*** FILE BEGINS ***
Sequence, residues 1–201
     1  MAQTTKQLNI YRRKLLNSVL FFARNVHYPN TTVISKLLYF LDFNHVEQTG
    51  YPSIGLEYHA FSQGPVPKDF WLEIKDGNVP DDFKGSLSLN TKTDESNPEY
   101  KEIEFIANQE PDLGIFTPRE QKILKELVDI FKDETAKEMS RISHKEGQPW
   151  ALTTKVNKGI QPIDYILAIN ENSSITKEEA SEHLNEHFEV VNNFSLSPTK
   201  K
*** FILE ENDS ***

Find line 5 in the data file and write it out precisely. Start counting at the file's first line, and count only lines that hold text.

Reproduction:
   151  ALTTKVNKGI QPIDYILAIN ENSSITKEEA SEHLNEHFEV VNNFSLSPTK